We’re also curious about how community roles vary in different organizational settings. How does community management look in a professional society vs. higher education, for example? How do online communities compare to in-person ones, and how is that changing during the COVID-19 pandemic? We hope to explore these topics and more on the CSCCE blog as the project develops. 

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What does a scientific community manager do? Check out the CSCCE Skills Wheel and accompanying guidebook!

Our newest resource, the CSCCE Skills Wheel and guidebook, is out this week. Created by the C3 project team of the 2017 CEFP cohort, the wheel defines 45 skills used in varying degrees by scientific community managers, laying out a common language and framework for hiring, professional development, and personal fulfillment.

About the C3 project

As part of CSCCE’s Community Engagement Fellowship Program (CEFP), fellows self-organize into small groups to take on a research or resource-development project. The Catalyzing Cultural Change (C3) team, Jennifer Davison, Andreas Leidolf, Malin Sandström, Elisha Wood-Charlson, and Lou Woodley, wanted to define the skills and core competencies for scientific community engagement managers, while also understanding how these roles are positioned within different types of scientific communities or organizations.

To do this, they compared the skills listed in a range of scientific community manager job descriptions, surveyed scientific community managers within the 2017 CEFP cohort, and, along with additional literature research, created the CSCCE skills wheel.

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Exploring scientific community managers’ skill sets

So far, our analysis of the State of Scientific Community Management survey has addressed scientific community managers’ education and training, the types of organizations that hire them, and the funding … Continue reading “Exploring scientific community managers’ skill sets”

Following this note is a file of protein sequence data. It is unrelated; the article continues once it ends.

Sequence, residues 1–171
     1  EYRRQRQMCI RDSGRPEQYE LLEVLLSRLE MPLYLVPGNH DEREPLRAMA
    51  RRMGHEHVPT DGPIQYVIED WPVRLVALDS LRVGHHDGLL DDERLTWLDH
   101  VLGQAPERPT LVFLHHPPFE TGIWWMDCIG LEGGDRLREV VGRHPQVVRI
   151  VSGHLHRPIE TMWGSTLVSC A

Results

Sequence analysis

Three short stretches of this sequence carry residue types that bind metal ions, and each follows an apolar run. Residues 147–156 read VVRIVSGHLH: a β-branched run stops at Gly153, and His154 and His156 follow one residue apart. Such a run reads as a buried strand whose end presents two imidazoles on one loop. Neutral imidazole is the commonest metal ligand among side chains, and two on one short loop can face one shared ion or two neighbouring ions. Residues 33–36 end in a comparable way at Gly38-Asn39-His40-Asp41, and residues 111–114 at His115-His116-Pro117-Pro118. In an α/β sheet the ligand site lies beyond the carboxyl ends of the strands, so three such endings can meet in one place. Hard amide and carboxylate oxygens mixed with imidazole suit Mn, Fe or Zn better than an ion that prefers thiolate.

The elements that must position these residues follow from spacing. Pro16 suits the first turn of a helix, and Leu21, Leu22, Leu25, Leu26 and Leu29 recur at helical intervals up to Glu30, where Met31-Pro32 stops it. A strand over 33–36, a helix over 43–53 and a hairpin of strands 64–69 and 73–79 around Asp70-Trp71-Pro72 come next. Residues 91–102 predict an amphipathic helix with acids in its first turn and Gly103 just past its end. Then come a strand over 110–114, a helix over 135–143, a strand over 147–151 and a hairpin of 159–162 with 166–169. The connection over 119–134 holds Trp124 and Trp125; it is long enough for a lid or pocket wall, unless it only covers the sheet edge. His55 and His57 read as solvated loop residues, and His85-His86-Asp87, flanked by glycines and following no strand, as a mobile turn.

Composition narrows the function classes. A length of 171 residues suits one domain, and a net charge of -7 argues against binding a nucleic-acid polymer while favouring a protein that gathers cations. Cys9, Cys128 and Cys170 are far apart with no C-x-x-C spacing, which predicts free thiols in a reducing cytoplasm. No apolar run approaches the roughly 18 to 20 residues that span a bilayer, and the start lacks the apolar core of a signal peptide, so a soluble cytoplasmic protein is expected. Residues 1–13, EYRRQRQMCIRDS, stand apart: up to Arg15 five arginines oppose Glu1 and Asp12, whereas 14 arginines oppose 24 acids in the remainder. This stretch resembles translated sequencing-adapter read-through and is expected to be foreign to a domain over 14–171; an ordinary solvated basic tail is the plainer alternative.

So far, our analysis of the State of Scientific Community Management survey has addressed scientific community managers’ education and training, the types of organizations that hire them, and the funding landscape for community management.

In this post we explore the skillsets that scientific community managers rely on in their current roles. We asked our survey respondents to rate the importance of 5 key skill sets, originally delineated by The Community Roundtable for the broader field of community management outside science. Read on to learn about which skill set ranks highest, and how the rankings change depending on seniority.

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Scientific community managers: often self-taught with a science PhD

Having received over 100 responses, we’ve begun analyzing the State of Scientific Community Management Survey. Read on for more details of some of the trends we’ve seen so far. If … Continue reading “Scientific community managers: often self-taught with a science PhD”

Having received over 100 responses, we’ve begun analyzing the State of Scientific Community Management Survey. Read on for more details of some of the trends we’ve seen so far.

If you’re working to build communities within science and haven’t yet taken the survey, we’re leaving it open a little longer, so please do add your data points to the overall picture.